Not long ago, I found myself intrigued by another writer’s thoughts on reading others’ works, and we got into an exchange, and he shared his MS with me. I wanted to share my own in return, but AX has been done to death (sigh!) and the WIP is so early, everything I “write” is literally sketchy. To call it a draft is perhaps even a misnomer, because right now the only non-research work on the novel is telling MYSELF the story.
I threw what passes for a first chapter or so his way, and got very quick feedback, in detail.
The most interesting part of this is that he took it seriously enough TO critique it. To me, this “writing” is strictly throwaway; if it’s draft at all, it’s still only first draft, and that means nothing of it will exist after revision, perhaps not even after a first pass at it. The scene itself, I think is probably where the book does begin, but I’ve been wrong before (and then wrong again) – and I know how early I am in the progress; I know enough to know JUST how much I don’t know right now. Any statement I make about the WIP is bound to become idiotic in a year’s time, in two years’ time (deliver us all from its taking a decade again, but even so my work isn’t the sort of thing that moves like NaNo) (and now somebody needs to record that as a Weird Al style parody of Moves Like Jagger).
This is why anything I write about the WIP is conceptual, rather than particular.
So it was actually a remarkable pleasure to get feedback like it was real writing. It provides something I didn’t really have with AX, and it also opens up doors – and poses questions.
The first of which is, if a beta reader is like a beta tester, making sure a product/novel is ready for RELEASE, and an alpha reader is the one who gets the fun of cleaning the butterknife … what comes even before alpha? I mean, I haven’t even bought a knife for this dragon, y’all, and it’s no time to go bandying at the beast while she’s still sleeping and I’m miles away in a little quiet glen.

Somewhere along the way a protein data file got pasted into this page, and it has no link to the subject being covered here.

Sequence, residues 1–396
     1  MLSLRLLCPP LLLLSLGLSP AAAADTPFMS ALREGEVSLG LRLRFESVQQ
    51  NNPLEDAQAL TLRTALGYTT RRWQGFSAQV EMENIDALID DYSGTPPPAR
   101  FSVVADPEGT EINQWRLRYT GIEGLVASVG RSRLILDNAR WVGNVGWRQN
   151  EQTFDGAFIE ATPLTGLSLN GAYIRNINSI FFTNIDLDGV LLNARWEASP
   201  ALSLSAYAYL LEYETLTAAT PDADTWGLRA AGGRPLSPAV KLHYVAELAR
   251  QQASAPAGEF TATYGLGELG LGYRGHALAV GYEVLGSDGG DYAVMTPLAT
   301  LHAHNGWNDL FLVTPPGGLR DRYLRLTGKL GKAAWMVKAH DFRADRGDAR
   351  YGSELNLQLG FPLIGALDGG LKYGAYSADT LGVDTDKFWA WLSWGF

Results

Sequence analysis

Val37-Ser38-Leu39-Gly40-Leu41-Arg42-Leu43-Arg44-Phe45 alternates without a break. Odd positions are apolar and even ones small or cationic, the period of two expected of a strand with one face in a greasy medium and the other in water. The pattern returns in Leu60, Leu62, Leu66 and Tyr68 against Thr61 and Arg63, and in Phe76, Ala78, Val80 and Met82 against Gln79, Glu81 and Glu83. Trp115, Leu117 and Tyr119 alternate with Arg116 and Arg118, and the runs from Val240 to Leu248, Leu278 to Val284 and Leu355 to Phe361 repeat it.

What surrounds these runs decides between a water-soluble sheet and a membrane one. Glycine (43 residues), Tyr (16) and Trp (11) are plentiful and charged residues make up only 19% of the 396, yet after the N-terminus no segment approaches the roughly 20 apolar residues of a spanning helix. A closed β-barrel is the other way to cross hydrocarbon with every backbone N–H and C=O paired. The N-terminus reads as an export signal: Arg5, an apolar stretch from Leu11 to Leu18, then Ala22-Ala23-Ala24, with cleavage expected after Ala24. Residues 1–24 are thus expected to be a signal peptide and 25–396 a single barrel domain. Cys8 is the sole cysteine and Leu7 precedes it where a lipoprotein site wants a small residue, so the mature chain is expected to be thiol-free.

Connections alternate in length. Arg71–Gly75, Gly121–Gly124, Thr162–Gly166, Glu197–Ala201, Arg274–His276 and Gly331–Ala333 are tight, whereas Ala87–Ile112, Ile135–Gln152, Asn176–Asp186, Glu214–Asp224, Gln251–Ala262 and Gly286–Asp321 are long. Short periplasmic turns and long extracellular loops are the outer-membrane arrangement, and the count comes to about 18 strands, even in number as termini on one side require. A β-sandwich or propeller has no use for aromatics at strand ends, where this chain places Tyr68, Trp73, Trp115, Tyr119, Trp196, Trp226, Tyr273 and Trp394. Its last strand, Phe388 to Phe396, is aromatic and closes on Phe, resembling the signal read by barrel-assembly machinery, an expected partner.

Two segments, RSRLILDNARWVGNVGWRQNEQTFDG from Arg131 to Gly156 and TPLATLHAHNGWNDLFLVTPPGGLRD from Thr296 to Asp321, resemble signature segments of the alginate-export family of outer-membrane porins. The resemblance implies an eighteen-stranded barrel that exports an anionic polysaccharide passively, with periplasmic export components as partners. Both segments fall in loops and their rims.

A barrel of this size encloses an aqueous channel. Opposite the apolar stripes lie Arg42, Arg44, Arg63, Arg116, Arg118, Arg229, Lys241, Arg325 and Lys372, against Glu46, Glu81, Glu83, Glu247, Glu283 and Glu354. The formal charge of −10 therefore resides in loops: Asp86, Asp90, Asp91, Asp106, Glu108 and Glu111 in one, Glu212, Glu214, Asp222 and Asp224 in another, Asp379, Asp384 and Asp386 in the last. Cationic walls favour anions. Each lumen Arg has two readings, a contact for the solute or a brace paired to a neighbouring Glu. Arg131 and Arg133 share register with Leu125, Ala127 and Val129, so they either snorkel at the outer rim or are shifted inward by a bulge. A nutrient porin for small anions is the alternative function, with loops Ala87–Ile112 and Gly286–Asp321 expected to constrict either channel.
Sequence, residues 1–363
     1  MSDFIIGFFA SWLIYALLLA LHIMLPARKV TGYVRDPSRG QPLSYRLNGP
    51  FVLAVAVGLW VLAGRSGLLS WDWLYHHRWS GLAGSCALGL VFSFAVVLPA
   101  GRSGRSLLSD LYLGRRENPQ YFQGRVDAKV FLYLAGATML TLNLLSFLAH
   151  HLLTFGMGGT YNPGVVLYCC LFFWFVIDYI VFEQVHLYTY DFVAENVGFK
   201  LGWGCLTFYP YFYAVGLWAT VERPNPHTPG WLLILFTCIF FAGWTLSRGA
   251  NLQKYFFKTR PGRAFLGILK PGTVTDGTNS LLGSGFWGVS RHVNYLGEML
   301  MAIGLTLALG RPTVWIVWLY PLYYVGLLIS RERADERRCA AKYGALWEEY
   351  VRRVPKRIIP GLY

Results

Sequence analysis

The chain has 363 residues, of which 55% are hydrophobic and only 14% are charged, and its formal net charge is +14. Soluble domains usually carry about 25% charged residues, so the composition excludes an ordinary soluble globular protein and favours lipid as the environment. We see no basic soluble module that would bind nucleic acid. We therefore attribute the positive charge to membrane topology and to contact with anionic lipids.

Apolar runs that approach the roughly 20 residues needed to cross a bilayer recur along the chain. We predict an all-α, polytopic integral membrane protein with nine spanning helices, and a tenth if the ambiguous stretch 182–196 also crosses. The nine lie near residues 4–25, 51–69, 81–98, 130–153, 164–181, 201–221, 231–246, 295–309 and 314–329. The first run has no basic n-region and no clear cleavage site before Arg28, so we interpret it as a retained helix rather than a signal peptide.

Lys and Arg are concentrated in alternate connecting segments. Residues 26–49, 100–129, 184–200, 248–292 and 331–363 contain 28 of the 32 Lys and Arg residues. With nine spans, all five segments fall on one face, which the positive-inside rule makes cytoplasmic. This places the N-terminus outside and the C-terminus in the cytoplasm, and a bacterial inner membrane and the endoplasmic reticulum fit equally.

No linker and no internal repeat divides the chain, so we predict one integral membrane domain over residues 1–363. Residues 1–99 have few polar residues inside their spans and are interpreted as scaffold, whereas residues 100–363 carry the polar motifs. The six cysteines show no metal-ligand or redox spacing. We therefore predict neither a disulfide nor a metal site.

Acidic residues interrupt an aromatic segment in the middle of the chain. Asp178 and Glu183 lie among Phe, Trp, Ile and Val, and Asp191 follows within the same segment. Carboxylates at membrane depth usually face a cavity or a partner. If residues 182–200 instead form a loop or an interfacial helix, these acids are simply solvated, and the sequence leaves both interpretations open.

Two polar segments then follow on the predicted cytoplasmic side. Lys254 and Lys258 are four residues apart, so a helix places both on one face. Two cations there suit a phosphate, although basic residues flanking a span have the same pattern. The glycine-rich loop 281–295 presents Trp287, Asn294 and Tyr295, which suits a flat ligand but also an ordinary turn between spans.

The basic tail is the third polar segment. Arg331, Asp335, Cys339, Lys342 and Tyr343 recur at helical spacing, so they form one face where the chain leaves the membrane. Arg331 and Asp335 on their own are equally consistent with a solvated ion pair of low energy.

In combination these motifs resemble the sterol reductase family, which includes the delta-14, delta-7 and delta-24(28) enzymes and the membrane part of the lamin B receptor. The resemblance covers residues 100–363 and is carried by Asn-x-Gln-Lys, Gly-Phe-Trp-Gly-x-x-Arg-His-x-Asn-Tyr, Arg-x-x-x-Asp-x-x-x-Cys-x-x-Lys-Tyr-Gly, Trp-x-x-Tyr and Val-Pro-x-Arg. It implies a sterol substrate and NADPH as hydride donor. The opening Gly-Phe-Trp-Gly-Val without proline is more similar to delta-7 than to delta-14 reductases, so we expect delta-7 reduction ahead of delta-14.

Or something like that.
Feedback is that thing writers savor and sicken from; we can indulge too much and get indigestion, and we hate it and love it in equal measure, even simultaneously. Yet it is always – always – generous of anyone to GIVE a writer feedback. To fail in gratitude for any reader is foolish; even critique we don’t take on is an effort made on our behalf.
Feedback isn’t self-gratification. It is always a gift.
Even if the gift doesn’t fit, they took the time to give it. Even that one person in your crit group who always seems not to “get” your groove, if they speak to your work, the ONLY reason for that is “to make it better” (that their idea of “better” may involve invariably pretty people getting it on, or Must. Have. Werewolves. or whatever their particular thing, is beside the point). When you ask for it – and you get it – feedback is never anything but the result of someone thinking of your work.
That’s a hell of a big deal, really.